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ARS Home » Plains Area » Houston, Texas » Children's Nutrition Research Center » Research » Publications at this Location » Publication #334615

Research Project: Nutritional Metabolism in Mothers, Infants, and Children

Location: Children's Nutrition Research Center

Title: Leaf protein and mineral concentrations across the "miracle tree" genus Moringa

Author
item Olson, Mark - UNIVERSIDAD NACIONAL AUTONOMA DE MEXICO
item Sankaran, Renuka - CITY UNIVERSITY OF NEW YORK
item Fahey, Jed - JOHNS HOPKINS UNIVERSITY
item Grusak, Michael
item Odee, David - KENYA FORESTRY RESEARCH INSTITUTE (KEFRI)
item Nouman, Wasif - BAHAUDDIN ZAKARIYA UNIVERSITY

Submitted to: PLoS One
Publication Type: Peer Reviewed Journal
Publication Acceptance Date: 7/6/2016
Publication Date: 7/26/2016
Publication URL: http://handle.nal.usda.gov/10113/63181
Citation: Olson, M.E., Sankaran, R.P., Fahey, J.W., Grusak, M.A., Odee, D., Nouman, W. 2016. Leaf protein and mineral concentrations across the "miracle tree" genus Moringa. PLoS One. 11(7):e0159782. doi:10.1371/journal.pone.0159782.

Interpretive Summary: The moringa tree, Moringa oleifera, is a fast-growing, drought-resistant tree cultivated across the lowland dry tropics worldwide for its nutritious leaves. Despite its nutritious reputation, there has been no systematic survey of the variation in leaf nutritional quality across moringa types grown worldwide, or of the other species of the genus. To guide informed use of moringa, we surveyed protein, macro-, and micro-nutrients across a number of tree samples grown in a common garden setting. Moringa types were identified that had higher levels of leaf protein or calcium, two important human nutrients. Our results will help breeders set priorities for which types of moringa could be promoted for food consumption and nutritional value in different developing world countries.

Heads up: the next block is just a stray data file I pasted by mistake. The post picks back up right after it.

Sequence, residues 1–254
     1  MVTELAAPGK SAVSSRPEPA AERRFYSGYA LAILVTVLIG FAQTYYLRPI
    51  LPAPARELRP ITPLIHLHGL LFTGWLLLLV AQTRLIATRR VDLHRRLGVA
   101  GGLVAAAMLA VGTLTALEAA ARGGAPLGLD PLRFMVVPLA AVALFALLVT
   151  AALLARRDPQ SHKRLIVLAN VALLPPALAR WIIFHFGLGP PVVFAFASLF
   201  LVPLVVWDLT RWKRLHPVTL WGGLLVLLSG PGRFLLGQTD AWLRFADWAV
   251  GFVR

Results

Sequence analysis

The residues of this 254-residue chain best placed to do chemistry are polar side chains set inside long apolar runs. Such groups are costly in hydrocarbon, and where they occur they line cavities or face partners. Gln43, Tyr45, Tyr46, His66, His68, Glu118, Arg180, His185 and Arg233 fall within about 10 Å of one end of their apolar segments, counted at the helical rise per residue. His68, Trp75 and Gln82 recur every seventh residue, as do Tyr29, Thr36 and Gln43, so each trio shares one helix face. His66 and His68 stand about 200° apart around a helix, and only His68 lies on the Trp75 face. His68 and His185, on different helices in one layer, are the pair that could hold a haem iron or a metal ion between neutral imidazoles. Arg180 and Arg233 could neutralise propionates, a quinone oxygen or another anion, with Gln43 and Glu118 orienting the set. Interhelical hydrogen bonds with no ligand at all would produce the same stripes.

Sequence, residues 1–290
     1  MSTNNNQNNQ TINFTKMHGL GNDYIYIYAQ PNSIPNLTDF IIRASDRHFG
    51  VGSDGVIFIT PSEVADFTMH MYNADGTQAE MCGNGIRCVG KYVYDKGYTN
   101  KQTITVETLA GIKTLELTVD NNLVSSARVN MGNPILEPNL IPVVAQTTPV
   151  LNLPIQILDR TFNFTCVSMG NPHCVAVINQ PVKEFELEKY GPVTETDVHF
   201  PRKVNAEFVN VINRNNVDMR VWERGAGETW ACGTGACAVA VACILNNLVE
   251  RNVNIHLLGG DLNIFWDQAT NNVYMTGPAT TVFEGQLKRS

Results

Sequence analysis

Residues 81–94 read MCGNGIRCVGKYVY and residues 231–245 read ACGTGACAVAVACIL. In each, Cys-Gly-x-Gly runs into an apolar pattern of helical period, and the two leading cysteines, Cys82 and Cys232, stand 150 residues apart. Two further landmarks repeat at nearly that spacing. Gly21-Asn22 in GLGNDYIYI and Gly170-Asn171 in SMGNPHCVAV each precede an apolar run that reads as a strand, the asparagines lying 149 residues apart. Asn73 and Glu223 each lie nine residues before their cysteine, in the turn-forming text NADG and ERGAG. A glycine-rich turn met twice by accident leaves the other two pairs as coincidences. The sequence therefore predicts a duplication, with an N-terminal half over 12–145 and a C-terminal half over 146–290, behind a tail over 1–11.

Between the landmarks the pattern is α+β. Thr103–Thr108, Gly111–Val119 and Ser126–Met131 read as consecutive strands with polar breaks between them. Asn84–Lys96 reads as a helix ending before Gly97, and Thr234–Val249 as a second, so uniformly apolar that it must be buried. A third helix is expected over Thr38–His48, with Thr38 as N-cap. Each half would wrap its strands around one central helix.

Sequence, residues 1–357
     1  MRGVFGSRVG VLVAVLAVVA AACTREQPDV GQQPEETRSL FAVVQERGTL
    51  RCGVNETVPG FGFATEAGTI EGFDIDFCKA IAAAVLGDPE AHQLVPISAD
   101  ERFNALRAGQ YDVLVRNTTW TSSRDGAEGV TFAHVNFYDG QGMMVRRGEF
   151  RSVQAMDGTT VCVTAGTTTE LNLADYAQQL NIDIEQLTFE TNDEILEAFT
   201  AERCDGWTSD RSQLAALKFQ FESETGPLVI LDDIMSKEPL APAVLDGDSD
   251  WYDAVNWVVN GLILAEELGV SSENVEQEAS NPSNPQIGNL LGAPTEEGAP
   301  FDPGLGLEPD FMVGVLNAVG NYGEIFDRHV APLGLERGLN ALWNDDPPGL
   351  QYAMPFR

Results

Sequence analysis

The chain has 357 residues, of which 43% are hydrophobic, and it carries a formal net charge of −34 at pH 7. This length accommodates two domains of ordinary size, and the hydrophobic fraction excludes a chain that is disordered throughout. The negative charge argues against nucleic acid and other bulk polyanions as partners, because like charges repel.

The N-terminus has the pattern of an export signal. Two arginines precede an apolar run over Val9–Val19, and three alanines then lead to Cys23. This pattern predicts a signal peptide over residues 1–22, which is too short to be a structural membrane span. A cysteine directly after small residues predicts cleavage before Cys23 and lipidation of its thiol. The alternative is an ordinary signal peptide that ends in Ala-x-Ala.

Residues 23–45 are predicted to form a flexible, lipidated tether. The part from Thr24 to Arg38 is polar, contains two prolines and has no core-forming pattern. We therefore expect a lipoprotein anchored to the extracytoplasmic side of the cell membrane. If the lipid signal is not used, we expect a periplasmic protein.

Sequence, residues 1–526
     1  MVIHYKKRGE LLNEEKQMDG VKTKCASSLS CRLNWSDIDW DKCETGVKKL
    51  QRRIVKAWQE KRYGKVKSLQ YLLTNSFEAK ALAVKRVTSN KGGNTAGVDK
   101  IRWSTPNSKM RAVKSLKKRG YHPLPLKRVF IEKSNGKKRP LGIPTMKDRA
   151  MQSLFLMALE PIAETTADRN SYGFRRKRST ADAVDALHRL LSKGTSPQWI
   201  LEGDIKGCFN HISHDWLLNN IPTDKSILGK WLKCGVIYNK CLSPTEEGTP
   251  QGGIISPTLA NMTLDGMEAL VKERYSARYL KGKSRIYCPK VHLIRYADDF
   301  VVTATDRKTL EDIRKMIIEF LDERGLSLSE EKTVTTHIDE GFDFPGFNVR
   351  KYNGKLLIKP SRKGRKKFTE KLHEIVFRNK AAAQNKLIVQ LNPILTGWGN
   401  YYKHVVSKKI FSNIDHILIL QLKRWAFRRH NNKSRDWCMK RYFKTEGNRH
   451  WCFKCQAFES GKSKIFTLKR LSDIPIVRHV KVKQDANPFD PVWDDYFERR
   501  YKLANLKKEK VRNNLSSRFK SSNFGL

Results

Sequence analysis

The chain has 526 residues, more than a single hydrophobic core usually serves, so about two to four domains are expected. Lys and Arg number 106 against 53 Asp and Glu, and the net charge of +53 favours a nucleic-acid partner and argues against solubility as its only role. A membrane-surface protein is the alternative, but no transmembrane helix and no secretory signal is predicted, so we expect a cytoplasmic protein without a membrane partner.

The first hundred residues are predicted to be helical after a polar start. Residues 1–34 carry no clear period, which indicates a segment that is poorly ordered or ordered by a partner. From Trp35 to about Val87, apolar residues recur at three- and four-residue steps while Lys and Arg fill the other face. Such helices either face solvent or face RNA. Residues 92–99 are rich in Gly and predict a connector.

Technical Abstract: The moringa tree Moringa oleifera is a fast-growing, drought-resistant tree cultivated across the lowland dry tropics worldwide for its nutritious leaves. Despite its nutritious reputation, there has been no systematic survey of the variation in leaf nutritional quality across M. oleifera grown worldwide, or of the other species of the genus. To guide informed use of moringa, we surveyed protein, macro-, and micro- nutrients across 67 common garden samples of 12 Moringa taxa, including 23 samples of M. oleifera. Moringa oleifera, M. concanensis, M. stenopetala, an M. concanensis X oleifera hybrid, and M. longituba were highest in protein, with M. ruspoliana having the highest calcium levels. A protein-dry leaf mass tradeoff may preclude certain breeding possibilities, e.g. maximally high protein with large leaflets. These findings identify clear priorities and limitations for improved moringa varieties with traits such as high protein, calcium, or ease of preparation.